4

While reading Villette, a 19th-century novel by Charlotte Brontë, I came across the word guard used in a different way than I had known hitherto:

I was up the next morning an hour before daybreak, and finished my guard, kneeling on the dormitory floor...

From the above sentence I infer that the word carries a religious connotation—a morning prayer, a sermon or perhaps a rite.

Finding it odd, I consulted numerous online dictionaries, amongst which are Collins and findwords, but alas the search yielded no fitting result, so I resort to enlist your help.

The closest definition was 'posture of readiness or defence'; however, it doesn't coincide with the overall meaning of the sentence as I, perhaps wrongly, understand it.

The woman speaking is a Protestant, a detail that may or may not prove to be useful.

5
  • The closest definition is possibly Collins n 15. a. the act or duty of protecting, restraining, or supervising >> So. guard duty, or a spell of guard duty; perhaps used for a vigil. May 27, 2015 at 16:35
  • 4
    It is the "bright little chainlet of silk and gold" which she is embroidering in the previous chapter, which in fact gives its name to the title of the previous chapter: "He asked at what I was working; and I said I was making a watchguard." May 27, 2015 at 16:39
  • 1
    If you read on to the next paragraph, you will see that "guard" is used again: "I duly detached and re-attached it, then coiled compactly the completed guard". It seems to be some form of jewelry the narrator is crafting. It is in the form of a chain, made with silk and beads, and she completes it by attaching the clasp from her own necklace. May 27, 2015 at 16:39
  • 1
    Oh, your are all right, she is indeed talking about the watchguard.Thanks a lot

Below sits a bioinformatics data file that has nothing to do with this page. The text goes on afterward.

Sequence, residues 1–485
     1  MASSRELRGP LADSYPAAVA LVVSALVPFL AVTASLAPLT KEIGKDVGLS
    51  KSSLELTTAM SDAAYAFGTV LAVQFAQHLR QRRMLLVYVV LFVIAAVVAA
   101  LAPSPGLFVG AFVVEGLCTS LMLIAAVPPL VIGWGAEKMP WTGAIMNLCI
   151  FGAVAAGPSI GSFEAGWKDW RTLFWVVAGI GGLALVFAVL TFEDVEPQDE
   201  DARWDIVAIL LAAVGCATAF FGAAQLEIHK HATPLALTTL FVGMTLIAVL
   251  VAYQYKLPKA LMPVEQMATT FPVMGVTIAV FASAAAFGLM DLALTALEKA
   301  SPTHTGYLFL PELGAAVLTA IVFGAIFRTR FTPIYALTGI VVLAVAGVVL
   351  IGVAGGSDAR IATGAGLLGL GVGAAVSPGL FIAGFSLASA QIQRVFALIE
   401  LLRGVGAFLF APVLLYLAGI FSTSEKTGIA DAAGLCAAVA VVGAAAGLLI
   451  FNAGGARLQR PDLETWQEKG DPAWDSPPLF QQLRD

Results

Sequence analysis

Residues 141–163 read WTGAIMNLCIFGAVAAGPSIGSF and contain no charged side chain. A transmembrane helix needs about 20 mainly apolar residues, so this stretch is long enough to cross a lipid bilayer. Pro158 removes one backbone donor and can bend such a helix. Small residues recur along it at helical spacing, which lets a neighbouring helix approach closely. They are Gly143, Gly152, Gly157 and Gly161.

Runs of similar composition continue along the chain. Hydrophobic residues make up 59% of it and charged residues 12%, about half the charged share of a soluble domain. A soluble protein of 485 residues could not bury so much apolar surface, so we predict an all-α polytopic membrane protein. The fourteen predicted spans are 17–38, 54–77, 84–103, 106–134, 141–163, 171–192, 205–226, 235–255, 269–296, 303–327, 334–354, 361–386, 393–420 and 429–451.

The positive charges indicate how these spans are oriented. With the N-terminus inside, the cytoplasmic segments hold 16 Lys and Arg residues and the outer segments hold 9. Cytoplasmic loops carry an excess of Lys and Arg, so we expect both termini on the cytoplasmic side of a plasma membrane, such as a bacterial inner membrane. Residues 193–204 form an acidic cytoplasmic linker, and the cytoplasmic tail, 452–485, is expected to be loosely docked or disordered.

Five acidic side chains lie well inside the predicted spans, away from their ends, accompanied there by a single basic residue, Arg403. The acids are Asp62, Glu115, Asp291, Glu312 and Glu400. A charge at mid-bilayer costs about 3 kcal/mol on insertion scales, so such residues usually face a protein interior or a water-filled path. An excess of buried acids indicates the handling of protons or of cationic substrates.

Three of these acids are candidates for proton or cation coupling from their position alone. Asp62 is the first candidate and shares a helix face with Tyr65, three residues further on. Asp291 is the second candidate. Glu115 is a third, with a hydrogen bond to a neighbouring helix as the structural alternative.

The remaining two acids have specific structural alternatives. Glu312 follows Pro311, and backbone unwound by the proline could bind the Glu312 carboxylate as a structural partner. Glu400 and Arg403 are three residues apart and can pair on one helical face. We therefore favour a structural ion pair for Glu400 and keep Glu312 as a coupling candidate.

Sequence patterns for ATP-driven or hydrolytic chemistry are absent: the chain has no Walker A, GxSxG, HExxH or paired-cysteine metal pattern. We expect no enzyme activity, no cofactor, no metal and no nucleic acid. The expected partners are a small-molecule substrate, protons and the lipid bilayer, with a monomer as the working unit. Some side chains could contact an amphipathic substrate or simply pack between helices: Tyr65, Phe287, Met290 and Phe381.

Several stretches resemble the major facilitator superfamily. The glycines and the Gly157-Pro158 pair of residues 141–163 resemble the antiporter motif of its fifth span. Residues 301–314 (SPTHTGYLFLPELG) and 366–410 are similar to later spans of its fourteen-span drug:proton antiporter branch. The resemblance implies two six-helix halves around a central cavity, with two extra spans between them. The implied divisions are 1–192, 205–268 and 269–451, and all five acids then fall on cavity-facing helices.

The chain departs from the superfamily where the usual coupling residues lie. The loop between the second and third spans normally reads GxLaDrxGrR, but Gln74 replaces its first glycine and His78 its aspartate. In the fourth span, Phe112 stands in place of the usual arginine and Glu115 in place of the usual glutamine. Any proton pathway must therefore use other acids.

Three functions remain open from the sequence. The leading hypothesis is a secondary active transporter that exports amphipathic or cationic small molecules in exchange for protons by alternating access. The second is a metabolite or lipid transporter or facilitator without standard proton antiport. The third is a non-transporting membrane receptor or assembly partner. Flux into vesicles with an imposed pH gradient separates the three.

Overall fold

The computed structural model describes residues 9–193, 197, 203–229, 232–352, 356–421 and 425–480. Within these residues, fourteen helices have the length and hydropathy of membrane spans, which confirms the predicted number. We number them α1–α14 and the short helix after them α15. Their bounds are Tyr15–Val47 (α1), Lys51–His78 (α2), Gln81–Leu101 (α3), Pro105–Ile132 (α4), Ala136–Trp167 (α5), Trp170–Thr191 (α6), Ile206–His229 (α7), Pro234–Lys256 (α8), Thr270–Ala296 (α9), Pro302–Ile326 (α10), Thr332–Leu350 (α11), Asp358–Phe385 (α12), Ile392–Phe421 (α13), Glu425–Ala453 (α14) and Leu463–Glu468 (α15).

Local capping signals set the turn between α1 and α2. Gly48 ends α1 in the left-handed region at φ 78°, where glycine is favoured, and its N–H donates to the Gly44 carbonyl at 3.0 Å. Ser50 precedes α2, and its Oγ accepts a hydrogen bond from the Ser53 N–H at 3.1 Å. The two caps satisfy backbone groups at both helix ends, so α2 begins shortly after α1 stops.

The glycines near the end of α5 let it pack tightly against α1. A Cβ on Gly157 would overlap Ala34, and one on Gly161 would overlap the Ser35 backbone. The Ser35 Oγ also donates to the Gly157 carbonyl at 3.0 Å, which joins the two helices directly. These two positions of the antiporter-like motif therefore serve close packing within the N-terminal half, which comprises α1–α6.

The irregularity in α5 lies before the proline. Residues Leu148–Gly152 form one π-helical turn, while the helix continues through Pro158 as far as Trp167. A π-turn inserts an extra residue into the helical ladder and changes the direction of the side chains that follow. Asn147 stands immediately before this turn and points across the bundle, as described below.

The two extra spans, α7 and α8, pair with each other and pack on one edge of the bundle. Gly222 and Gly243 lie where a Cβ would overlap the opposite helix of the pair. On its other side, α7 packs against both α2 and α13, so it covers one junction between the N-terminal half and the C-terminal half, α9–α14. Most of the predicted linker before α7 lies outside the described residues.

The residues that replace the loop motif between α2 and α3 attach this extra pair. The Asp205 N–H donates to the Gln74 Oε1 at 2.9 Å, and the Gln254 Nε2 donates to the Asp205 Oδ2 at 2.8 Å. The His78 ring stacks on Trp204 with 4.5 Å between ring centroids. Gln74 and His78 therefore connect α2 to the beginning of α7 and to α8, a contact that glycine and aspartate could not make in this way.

– Bob
    May 27, 2015 at 16:52
  • @YoavKallus: Impressive. Why don't you post it as an answer. You'd gain rep and we'd this post wont show in the unanswered queue.
    – Tushar Raj
    May 27, 2015 at 20:18

2 Answers 2

5

If you read on to the next paragraph, you will see that "guard" is used again: "I duly detached and re-attached it, then coiled compactly the completed guard". It seems to be some form of jewelry the narrator is crafting. It is in the form of a chain, made with silk and beads, and she completes it by attaching the clasp from her own necklace.

5

Victorian guard chain with clasp

An example of a Victorian ladies' guard chain, worn around the neck. These were long chains, with a clasp for attaching pocket watches, lockets, spectacles and muffs.

2
  • A simple answer to a simple question. I must be on the wrong site.
    – Fattie
    May 28, 2015 at 4:04
  • Hi @Bob do you know how to tick the correct answer?
    – Fattie
    May 28, 2015 at 4:04

Your Answer

By clicking “Post Your Answer”, you agree to our terms of service and acknowledge you have read our privacy policy.

Not the answer you're looking for? Browse other questions tagged or ask your own question.